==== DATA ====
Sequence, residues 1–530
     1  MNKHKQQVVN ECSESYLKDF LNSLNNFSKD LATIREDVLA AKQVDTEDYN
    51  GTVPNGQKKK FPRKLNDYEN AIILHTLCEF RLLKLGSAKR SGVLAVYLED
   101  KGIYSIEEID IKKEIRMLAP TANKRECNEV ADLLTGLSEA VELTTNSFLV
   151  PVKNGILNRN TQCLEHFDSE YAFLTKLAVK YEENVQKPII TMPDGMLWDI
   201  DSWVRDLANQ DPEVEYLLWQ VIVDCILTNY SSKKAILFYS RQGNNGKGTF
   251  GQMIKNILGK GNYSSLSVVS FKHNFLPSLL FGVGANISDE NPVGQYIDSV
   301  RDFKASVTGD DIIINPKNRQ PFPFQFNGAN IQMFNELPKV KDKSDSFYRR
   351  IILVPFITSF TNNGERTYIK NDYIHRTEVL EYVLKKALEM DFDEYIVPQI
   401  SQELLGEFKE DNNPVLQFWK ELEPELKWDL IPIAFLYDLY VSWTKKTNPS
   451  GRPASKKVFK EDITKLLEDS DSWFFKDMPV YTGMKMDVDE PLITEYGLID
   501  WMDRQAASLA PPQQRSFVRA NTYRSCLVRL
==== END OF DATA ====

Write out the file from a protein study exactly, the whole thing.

Sequence, residues 1–530
     1  MNKHKQQVVN ECSESYLKDF LNSLNNFSKD LATIREDVLA AKQVDTEDYN
    51  GTVPNGQKKK FPRKLNDYEN AIILHTLCEF RLLKLGSAKR SGVLAVYLED
   101  KGIYSIEEID IKKEIRMLAP TANKRECNEV ADLLTGLSEA VELTTNSFLV
   151  PVKNGILNRN TQCLEHFDSE YAFLTKLAVK YEENVQKPII TMPDGMLWDI
   201  DSWVRDLANQ DPEVEYLLWQ VIVDCILTNY SSKKAILFYS RQGNNGKGTF
   251  GQMIKNILGK GNYSSLSVVS FKHNFLPSLL FGVGANISDE NPVGQYIDSV
   301  RDFKASVTGD DIIINPKNRQ PFPFQFNGAN IQMFNELPKV KDKSDSFYRR
   351  IILVPFITSF TNNGERTYIK NDYIHRTEVL EYVLKKALEM DFDEYIVPQI
   401  SQELLGEFKE DNNPVLQFWK ELEPELKWDL IPIAFLYDLY VSWTKKTNPS
   451  GRPASKKVFK EDITKLLEDS DSWFFKDMPV YTGMKMDVDE PLITEYGLID
   501  WMDRQAASLA PPQQRSFVRA NTYRSCLVRL